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Earth Day

APRIL 7 | BY IRVINE NATURALIST VALERIE BARBARE

Earth Day is Tuesday, April 22, 2014. Looking to celebrate it differently this year? Instead of celebrating April 22nd, celebrate the week of April 20-26th, or celebrate April 22nd and also on May 22nd and June 22nd, and so on. Celebrate in your community, at home and at work. Organize a community book swap or school uniform swap. At home, plant native plants in your garden and install a rain barrel. At work, organize and implement no waste lunch days or set up a ride share program.

Whatever you choose, the important thing to remember is that the Earth needs help beyond Earth Day. So while you’re thinking about it, grab your calendar and add a couple (or a bunch!) of extra Earth Days. Earth Day is celebrated by over 1 billion people worldwide every year. Imagine the impact we could have on the Earth if we all celebrated it just a little more often.

Sugar Shift

March 7 | By Irvine Naturalist Steven Mickletz

Maple sugar season is wrapping up in Maryland and it’s time to shift our focus to another source for sugar...sort of.

Soon, trees will be in full bloom and rather than people tapping them for sap, bees will be drinking up sweet nectar. Already, honeybees have been leaving the hive on warm days and gathering as much pollen and nectar as possible from plants like witch-hazel.

So what have the honeybees been doing this frigid and snowy winter? While the snow and ice may have been rough for commuting, it has likely been good for the bees. Heavy snow insulates the hive where thousands of bees are clustered for warmth. The bees cycle from outside to inside the cluster and back. The movement helps keep the entire colony warm, including the queen, and allows bees that begin to get too cold to move to the center. The hive is maintained year-round at the same temperature entirely by its residents.

When the weather allows, bees will fly out of the colony in search of water, pollen and nectar – but mostly to relieve themselves and clean out any dead bees from the hive. By late February and early March, the queen should have started laying eggs. The pollen collected in late-winter will be essential for making “bee bread” to nourish these new members of the colony. If all goes well, by the time spring arrives, a healthy honeybee colony will begin to produce the year’s honey supply!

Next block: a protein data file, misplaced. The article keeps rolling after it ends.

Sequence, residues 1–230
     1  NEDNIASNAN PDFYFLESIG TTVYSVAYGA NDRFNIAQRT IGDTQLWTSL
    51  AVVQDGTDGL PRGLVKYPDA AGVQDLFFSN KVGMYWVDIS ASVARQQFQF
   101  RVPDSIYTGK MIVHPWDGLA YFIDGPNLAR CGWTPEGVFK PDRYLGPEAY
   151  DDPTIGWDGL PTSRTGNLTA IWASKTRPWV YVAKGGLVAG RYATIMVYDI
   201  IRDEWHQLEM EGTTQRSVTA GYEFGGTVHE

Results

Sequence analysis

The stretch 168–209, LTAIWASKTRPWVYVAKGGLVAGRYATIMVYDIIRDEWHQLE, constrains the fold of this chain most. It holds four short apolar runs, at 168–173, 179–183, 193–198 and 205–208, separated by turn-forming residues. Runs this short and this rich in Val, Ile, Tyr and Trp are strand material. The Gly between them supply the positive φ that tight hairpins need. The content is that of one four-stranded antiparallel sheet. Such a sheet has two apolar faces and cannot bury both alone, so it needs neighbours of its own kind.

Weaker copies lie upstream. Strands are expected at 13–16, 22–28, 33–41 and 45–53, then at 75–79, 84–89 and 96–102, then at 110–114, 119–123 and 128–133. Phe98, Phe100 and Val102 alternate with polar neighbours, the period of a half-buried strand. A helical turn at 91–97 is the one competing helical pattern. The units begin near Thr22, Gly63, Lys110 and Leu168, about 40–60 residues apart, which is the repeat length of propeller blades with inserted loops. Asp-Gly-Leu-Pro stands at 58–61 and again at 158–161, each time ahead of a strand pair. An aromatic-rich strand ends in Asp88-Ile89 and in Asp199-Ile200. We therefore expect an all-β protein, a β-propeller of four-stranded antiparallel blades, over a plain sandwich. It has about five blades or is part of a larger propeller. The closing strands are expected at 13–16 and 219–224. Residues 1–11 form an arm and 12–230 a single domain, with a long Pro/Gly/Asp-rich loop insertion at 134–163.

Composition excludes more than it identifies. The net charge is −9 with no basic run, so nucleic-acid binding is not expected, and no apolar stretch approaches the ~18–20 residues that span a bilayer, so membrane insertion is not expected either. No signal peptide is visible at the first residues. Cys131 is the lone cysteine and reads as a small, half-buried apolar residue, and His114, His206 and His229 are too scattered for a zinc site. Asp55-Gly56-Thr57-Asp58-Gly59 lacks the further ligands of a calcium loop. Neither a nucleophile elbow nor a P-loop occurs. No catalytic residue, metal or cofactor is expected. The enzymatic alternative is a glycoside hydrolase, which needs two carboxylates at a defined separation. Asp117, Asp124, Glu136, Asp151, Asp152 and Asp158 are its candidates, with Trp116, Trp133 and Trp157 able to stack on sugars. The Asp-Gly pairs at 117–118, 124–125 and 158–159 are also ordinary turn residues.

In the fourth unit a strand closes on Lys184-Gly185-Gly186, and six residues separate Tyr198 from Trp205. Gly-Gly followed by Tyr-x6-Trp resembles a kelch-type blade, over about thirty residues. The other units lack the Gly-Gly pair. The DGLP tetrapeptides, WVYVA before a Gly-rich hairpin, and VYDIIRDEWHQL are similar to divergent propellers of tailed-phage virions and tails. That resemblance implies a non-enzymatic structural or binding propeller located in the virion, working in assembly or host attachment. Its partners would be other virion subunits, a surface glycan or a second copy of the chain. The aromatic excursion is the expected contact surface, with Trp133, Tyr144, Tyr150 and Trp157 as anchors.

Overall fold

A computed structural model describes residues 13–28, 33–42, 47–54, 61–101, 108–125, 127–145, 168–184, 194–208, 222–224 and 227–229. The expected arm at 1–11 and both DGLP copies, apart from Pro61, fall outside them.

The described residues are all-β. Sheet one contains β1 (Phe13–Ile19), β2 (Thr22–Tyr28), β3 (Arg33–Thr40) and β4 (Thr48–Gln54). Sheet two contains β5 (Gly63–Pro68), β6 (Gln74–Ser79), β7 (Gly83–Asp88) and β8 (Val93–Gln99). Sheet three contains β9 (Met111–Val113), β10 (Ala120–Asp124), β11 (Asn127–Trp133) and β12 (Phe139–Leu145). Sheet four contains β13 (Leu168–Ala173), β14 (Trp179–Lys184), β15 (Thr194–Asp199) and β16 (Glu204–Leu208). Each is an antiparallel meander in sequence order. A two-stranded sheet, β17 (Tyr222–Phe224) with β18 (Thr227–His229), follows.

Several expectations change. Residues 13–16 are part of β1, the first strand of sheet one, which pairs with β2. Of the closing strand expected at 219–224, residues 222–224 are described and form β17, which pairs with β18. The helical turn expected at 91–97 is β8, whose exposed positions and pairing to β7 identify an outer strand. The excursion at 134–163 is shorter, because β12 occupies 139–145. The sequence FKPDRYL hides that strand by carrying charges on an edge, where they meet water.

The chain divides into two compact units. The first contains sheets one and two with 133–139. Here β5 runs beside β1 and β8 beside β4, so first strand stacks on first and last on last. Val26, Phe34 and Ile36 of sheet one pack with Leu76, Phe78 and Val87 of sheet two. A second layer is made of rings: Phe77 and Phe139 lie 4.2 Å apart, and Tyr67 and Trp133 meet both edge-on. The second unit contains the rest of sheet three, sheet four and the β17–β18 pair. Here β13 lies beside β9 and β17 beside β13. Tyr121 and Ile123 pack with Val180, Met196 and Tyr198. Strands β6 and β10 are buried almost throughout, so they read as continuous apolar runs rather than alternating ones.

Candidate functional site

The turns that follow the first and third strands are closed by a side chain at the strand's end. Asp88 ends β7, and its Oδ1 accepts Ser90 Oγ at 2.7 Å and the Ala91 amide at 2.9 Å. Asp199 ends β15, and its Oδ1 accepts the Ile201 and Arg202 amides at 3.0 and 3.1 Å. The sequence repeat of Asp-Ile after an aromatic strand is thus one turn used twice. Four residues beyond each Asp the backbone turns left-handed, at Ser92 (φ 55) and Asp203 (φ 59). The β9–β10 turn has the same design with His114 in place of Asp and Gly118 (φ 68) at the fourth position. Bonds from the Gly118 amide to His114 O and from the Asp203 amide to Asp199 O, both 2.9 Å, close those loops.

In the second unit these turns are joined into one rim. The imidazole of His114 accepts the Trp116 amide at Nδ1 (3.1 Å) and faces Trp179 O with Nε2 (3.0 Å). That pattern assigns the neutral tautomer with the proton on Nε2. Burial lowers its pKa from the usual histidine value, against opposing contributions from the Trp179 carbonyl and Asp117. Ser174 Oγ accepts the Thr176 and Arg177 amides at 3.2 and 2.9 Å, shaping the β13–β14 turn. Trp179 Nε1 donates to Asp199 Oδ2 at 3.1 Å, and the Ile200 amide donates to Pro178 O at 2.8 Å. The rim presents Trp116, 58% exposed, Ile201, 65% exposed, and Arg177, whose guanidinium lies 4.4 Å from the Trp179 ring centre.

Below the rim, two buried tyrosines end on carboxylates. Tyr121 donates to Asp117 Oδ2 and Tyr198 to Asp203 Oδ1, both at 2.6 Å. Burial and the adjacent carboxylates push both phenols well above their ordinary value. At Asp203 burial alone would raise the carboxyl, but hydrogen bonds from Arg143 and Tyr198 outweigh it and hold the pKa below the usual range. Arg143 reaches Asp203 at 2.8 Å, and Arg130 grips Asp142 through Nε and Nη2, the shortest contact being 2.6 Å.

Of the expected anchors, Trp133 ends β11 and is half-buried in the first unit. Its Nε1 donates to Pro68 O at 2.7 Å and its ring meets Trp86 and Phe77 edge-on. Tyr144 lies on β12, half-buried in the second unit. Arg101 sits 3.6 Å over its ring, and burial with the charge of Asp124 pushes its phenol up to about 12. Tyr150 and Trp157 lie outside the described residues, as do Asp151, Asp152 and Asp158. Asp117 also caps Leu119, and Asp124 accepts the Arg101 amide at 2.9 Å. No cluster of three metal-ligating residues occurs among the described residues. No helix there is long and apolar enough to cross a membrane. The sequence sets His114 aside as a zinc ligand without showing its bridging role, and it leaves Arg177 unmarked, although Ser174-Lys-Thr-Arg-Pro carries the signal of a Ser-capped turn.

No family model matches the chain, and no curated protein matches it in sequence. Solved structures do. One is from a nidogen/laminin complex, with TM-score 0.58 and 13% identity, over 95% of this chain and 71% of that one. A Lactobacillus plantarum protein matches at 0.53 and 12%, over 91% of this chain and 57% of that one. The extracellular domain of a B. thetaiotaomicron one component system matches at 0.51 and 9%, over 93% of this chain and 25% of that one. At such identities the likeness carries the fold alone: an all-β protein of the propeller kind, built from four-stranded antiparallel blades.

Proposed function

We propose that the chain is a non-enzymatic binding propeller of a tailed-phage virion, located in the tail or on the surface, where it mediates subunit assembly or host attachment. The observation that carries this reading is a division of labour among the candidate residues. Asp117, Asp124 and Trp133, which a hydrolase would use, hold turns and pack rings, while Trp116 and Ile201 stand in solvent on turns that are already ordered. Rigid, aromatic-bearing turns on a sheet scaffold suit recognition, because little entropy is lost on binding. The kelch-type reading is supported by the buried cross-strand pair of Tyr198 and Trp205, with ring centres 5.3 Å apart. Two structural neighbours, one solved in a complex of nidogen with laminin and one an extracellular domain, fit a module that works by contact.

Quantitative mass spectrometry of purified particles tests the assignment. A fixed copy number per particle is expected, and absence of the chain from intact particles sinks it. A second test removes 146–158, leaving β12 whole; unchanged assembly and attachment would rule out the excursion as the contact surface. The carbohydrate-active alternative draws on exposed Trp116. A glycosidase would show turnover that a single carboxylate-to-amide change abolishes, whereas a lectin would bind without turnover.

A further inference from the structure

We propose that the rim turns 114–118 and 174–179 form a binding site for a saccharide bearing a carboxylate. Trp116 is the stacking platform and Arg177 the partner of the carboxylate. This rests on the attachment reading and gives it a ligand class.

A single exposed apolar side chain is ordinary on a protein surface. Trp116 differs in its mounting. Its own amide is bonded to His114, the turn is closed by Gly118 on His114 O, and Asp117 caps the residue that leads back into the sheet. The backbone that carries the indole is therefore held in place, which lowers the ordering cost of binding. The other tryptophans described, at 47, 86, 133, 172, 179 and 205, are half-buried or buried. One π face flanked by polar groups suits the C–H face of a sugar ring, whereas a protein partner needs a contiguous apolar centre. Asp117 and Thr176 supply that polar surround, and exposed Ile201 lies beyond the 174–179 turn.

Spring Stinks!

FEBRUARY 7 | BY IRVINE NATURALIST LAURA SODER

With the extreme cold and heavier than usual snow fall this winter, most of us are probably longing for the return of spring and the warmer temperatures that come with it. But while we fend off the last six weeks of winter bundled up or tucked away in our cozy homes, a unique plant will already be growing quite comfortably out in the icy chill. Skunk cabbage, most frequently known for its stinky smell, is one of the first plants to emerge in the spring. The green and red buds can be seen popping up from under ice and snow as early as late February!

While the flower of this plant may not be high on any list for beauty, it has another unique feature that attracts pollinators – it creates heat! The flower buds of the skunk cabbage chemically produce heat, which warms the frozen ground around the plant up to temperatures as high as 70 degrees F. This provides a warm haven for some early spring insects while encouraging pollination so that the plant can reproduce. That unpleasant smell for which the plant is so appropriately named is meant to mimic the smell of rotting meat, attracting insects like flies and carrion beetles which are active much sooner than your typical bees and butterflies.

Skunk cabbage is most often found in low-lying wet areas, spreading out very large, green leaves once spring and summer officially arrive. While the smell alone seems to deter most wildlife from bothering it, this plant also produces a bitter, burning sensation when eaten. Native Americans are said to have used the early shoots for different medicinal purposes, treating coughs, headaches and other ailments. It’s fascinating that a plant with such a seemingly unattractive name and odor can actually invite the attention of many insect and human alike!

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